But God saw us in our crisis and chose to commit Himself to us. His Son Jesus became like us in every way. Where we lived, He lived. Our weakness was His weakness, our struggles His struggles, our pain His pain. And He died just like we die. But He died carrying our sin so that it could be buried forever, and He was raised to life again so that we could share His life that lasts forever.

And if God gave Jesus for us, if God gave the person who is most precious to Him to live in our mess and die, if He has sacrificed so much for us, how can we doubt that He’ll give us everything else He has promised? How can we doubt that trouble, distress, persecution, famine, danger, violence can never separate us from His love? Because He promises that in all these things He will work for our good.

The relationship with God that we have because of Jesus is how we can grow in wisdom and know the right thing to do in His eyes. So when a crisis hits and there’s a big decision to be made, we should trust God and commit to Him by by making the faith-filled, wise, godly choice.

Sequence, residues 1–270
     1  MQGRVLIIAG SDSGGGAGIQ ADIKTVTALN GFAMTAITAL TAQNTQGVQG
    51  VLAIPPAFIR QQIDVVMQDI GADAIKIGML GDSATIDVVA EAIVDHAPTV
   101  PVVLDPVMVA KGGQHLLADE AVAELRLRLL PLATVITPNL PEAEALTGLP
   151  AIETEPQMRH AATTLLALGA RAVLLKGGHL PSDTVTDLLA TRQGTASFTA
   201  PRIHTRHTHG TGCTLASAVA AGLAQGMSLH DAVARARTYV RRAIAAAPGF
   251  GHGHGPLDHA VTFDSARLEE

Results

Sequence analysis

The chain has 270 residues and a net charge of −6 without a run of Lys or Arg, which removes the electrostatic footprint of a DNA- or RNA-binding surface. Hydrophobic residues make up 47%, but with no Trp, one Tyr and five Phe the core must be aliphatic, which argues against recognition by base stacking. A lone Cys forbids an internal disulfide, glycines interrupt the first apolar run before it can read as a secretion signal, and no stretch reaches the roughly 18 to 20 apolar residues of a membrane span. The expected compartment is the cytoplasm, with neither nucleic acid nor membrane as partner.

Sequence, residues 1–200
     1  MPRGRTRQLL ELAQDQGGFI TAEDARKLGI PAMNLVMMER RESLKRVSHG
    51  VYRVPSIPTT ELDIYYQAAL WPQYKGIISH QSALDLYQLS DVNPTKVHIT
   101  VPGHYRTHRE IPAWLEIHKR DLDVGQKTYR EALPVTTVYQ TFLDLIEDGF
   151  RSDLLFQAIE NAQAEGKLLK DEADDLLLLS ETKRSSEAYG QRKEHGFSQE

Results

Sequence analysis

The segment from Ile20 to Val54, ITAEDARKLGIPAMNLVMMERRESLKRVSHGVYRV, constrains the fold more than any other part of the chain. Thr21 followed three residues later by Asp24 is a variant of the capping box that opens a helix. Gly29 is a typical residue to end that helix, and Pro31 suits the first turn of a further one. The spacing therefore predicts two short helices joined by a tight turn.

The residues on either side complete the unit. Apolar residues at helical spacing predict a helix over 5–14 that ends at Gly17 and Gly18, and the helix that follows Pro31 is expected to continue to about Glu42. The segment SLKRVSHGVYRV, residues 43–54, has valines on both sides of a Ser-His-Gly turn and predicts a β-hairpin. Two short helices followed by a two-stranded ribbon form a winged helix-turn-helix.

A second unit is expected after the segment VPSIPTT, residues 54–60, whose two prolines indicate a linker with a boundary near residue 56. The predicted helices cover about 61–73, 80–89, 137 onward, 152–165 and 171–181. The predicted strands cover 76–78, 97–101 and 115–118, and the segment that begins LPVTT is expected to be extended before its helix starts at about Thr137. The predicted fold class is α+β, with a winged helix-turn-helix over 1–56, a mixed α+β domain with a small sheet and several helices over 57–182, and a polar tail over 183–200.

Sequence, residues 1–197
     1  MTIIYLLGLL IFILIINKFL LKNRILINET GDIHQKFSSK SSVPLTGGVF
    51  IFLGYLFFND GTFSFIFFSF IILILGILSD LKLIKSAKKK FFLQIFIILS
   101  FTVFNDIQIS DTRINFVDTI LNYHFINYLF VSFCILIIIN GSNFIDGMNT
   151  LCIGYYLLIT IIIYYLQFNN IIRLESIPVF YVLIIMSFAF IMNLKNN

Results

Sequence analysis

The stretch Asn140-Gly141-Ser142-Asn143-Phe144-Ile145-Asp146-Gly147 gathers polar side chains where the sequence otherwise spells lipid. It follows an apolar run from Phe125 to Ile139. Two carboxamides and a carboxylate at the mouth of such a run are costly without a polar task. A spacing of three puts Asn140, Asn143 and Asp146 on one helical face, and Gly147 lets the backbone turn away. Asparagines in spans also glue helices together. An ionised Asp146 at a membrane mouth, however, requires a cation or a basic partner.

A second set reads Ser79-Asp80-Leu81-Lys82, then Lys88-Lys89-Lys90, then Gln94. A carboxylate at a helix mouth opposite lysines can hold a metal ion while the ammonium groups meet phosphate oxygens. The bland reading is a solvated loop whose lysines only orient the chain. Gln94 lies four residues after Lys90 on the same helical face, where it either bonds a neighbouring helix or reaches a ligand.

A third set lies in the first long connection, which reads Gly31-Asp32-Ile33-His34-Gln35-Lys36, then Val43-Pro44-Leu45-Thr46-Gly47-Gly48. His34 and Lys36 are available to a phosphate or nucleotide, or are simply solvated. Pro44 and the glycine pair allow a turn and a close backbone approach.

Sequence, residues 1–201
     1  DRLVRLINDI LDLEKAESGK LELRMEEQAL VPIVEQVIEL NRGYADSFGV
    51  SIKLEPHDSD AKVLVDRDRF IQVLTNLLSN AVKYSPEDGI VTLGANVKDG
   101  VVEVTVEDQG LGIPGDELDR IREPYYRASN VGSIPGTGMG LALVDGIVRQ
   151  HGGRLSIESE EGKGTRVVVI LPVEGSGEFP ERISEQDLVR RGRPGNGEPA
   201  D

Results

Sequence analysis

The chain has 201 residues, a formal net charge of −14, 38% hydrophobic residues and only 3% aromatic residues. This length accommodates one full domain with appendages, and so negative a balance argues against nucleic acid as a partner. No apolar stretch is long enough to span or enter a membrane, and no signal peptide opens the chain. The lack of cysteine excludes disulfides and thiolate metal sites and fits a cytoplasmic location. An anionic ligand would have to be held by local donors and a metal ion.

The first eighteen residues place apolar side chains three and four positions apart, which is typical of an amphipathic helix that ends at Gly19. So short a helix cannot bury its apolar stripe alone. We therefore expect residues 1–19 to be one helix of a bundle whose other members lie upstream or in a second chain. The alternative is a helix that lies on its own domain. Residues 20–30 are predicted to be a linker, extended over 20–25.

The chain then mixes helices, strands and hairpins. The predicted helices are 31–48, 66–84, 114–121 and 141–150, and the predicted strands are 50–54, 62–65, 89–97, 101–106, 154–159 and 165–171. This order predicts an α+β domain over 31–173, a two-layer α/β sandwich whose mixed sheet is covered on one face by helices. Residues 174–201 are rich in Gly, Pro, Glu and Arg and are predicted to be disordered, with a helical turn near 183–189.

If you’re wondering what that practically looks like, God hasn’t left us unguided. There are plenty of places in the Bible where He spells out what commitment to Him looks like.

Try reading Proverbs, which has loads of bits of wisdom for everyday life. Or read the letter written by James, which talks a lot about what living out our faith like.

Have a look at Matthew 5-7, where Jesus teaches about applying our commitment to God to real life. At my church we’re in the middle of a series looking at the start of Matthew 5, where Jesus shows us just how much God’s wisdom looks a whole lot different from what we think it should look like in this world. You can listen to the series on our website: https://www.stmaryswollatonpark.co.uk/sermons/?wpfc_sermon_series=the-beatitudes-a-world-upside-down